Johan Oskarsson has organized a meetup for folks interested in distributed structured data storage and is calling it NOSQL. The event, being held June 11th in San Fransisco, will have subject matter experts presenting on Hypertable, HBase, Voldemort, Dynomite, and Cassandra.
There were 100 slots available slots to attend and they all went in a matter of hours, so if this is the first you've heard of it, it's probably too late. Fortunately I got mine and thanks to the support of my employer I'll be there. I'm looking forward to it.
Getting the Epson Perfection 3940 scanner setup on Linux requires jumping through just enough hoops that even if you have managed it before, it's easy to forget when it comes time to do it again.
I put this here in the hopes that it will make things easier for someone, (and it's entirely likely that someone will be me one day :).
adduser youruser scanner).
sudo aptitude install xsane).
rpm2cpio iscan-firmware-18.104.22.168-10.i586.rpm | cpio -i --make-directories).
sudo install -m 644 usr/share/iscan/esfw52.bin /lib/firmware/)
My latest project at work is Cassandra, a distributed, eventually consistent, column oriented data store. It's somewhere between Dynamo (Cassandra's original author worked on Dynamo), and Google's BigTable. It was developed as an internal application at Facebook, later open sourced, and is now an Apache incubator project.
The external interface to Cassandra is thrift-based. Thrift is a framework for creating network services, services that communicate using a compact binary data format. It's similar to Google's Protocol Buffers, but with more of a focus on RPC, and greater language coverage, (much greater actually). The bottom line, any application that uses Cassandra for structured data storage is going to need Thrift. So, I filed an ITP (Intent To Package) and have started work on packaging it for Debian.
Thrift is an interesting project to package as it has an architecture specific application (C++), 6 architecture specific and 5 architecture independent libraries, and covers 12 different languages. That's right, 12.
I'm still somewhat undecided on a game plan; the options I've considered so far are:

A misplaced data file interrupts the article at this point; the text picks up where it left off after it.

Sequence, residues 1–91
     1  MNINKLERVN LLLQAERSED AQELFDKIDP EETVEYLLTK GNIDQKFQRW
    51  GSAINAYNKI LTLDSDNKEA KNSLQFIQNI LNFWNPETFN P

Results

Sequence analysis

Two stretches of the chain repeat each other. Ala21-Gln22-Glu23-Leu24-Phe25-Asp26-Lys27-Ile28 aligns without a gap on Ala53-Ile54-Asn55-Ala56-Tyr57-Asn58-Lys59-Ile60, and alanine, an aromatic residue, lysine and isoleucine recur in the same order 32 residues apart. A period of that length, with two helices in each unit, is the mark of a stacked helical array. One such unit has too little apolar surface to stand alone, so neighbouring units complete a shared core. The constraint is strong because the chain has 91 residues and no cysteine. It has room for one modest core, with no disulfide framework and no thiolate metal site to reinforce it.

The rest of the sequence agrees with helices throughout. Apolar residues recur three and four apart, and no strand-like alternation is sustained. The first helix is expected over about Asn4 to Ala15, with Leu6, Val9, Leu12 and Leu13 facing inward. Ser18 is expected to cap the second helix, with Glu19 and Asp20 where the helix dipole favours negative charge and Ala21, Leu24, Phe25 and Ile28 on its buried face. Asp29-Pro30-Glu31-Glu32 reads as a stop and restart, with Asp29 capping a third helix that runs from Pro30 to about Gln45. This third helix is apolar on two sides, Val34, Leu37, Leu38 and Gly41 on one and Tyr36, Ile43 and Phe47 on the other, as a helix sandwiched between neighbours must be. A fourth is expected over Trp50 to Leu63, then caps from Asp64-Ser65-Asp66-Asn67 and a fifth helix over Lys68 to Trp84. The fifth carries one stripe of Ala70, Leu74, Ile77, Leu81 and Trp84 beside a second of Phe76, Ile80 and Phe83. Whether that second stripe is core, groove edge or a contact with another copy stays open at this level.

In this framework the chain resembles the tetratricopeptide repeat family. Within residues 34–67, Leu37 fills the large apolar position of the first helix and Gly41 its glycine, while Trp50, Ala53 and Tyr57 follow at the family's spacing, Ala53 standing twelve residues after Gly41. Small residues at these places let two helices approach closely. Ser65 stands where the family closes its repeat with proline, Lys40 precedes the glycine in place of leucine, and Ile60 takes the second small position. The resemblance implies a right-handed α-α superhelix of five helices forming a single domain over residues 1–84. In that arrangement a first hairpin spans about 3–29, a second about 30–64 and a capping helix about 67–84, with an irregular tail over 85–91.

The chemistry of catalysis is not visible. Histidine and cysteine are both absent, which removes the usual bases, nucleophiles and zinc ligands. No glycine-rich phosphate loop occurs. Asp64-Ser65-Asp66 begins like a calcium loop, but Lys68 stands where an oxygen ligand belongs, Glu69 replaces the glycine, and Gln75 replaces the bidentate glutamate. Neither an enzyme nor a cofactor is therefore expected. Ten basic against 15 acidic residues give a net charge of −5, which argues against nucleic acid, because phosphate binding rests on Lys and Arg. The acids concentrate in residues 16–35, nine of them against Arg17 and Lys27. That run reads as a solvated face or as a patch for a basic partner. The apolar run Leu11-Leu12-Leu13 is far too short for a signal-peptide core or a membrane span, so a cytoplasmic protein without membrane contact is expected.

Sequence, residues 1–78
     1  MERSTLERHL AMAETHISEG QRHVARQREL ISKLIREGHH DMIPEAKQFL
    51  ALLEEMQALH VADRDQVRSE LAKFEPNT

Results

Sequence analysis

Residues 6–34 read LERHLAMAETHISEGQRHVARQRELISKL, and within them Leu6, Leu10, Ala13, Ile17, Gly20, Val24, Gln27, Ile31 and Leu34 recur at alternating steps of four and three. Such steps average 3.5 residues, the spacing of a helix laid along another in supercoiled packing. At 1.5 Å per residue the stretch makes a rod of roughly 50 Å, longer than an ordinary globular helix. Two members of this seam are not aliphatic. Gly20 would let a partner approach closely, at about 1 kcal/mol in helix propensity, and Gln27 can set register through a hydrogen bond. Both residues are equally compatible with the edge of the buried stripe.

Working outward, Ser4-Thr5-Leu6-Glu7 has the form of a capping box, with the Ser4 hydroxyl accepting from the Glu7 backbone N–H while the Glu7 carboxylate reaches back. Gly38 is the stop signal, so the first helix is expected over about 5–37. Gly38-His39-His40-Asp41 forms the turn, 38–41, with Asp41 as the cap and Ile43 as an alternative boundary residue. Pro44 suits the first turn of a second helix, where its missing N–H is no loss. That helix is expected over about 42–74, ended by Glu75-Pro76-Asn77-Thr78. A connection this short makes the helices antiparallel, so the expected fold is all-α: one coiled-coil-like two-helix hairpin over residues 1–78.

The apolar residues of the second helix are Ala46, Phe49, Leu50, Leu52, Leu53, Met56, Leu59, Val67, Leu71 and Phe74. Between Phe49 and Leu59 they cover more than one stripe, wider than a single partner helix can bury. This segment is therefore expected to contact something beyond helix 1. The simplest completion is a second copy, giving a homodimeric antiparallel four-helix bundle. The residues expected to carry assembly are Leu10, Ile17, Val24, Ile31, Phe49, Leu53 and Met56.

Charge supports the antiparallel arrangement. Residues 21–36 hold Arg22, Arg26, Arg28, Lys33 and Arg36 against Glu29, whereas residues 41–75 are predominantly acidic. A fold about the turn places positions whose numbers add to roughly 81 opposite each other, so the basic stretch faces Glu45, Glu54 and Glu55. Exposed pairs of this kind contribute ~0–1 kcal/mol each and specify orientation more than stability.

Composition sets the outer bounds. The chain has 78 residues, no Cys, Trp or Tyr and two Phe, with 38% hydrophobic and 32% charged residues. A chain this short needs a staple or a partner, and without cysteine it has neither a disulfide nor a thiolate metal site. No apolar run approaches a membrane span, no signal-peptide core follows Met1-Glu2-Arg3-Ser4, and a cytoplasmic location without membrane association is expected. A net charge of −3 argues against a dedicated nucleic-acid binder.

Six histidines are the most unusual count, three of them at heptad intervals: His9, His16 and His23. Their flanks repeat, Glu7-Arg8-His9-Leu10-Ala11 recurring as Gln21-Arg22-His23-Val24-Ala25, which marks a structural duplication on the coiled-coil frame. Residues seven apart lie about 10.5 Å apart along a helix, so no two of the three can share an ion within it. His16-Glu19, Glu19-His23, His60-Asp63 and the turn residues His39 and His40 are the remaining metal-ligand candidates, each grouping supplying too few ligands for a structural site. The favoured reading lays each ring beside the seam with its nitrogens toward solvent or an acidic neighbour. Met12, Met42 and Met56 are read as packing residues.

I've already taken a stab at #1 and it didn't seem promising. #2 is an option I still consider on the table but I'm a little concerned that it could lead to a mess. #3 and #4 really boil down to the same thing, collaborating with others to package as much as possible while maintaining the standards everyone expects from Debian. I guess I'm currently leaning toward some variation of #3 or #4, probably through the use of collab-maint or a dedicated Alioth project.
For the time being, my efforts can be tracked in Git here, so drop me a line if you're interested in joining the fun!
NP: Sand and Mercury, The Gathering
A co-worker of mine uses one of the stranger keyboards I've seen, a Kinesis Advantage.
He picked it up his after a bout with tendinitis and was sold on it. He was kind enough to let me borrow his spare for about a week so I could try it out. It's been an interesting week. :)
The Advantage differs from conventional keyboards in a number of ways, the ones I think most relevant are:
Ckey is directly below
D, not below and to the right. Moving your fingers from their keys on the home row to the corresponding keys above and below is a much more natural movement.
Altkeys are positioned within reach of your left thumb, your right works
Down, in addition to another
Controlkey, and a
Windowskey (which I remap to
Alt). This really makes sense if you think about, why waste two perfectly good fingers on the same key, when you could put them to use and eliminate all of that reaching.
I'm not going to lie though, it does take some getting used to. The biggest problem I had was
Backspace, which are the right-most thumb key, and left-most thumb key respectively. Prior to all of this I heavily favored my left thumb for striking the space bar, and muscle memory is a bitch when it causes you to
Backspace when you meant
Other points of frustration were the tilde/back-tick key (located bottom-left instead of top-left), and the left and right bracket/brace keys (located bottom-right). These keys are used a lot in a shell or when coding, which probably made the pain even more pronounced for someone like me.
I managed to force myself to use nothing else for several days, at which point I felt I was doing quite well. I still had the occasional problem here and there, but it seemed like I was well on my way to normalcy. Then I tried using the built-in keyboard on my laptop. Wow. Epic fail. It took a few more days and plenty of patience before I was able to move back and forth (and truth be told it's still a little awkward).
So was it worth it? Yeah, I think so. I've had RSI troubles of my own and a week of typing on this keyboard has felt pretty good. I've ordered one of my own to use at work, and I'll probably grab a second one for home.